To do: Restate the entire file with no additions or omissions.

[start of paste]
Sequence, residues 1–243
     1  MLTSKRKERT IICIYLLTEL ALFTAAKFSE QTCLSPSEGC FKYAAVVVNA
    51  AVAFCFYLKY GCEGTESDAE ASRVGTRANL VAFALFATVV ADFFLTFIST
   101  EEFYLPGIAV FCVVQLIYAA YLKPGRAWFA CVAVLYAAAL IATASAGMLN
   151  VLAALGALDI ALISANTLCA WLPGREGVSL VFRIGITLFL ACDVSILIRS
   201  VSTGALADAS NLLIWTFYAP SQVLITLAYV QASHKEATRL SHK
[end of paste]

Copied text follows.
Sequence, residues 1–243
     1  MLTSKRKERT IICIYLLTEL ALFTAAKFSE QTCLSPSEGC FKYAAVVVNA
    51  AVAFCFYLKY GCEGTESDAE ASRVGTRANL VAFALFATVV ADFFLTFIST
   101  EEFYLPGIAV FCVVQLIYAA YLKPGRAWFA CVAVLYAAAL IATASAGMLN
   151  VLAALGALDI ALISANTLCA WLPGREGVSL VFRIGITLFL ACDVSILIRS
   201  VSTGALADAS NLLIWTFYAP SQVLITLAYV QASHKEATRL SHK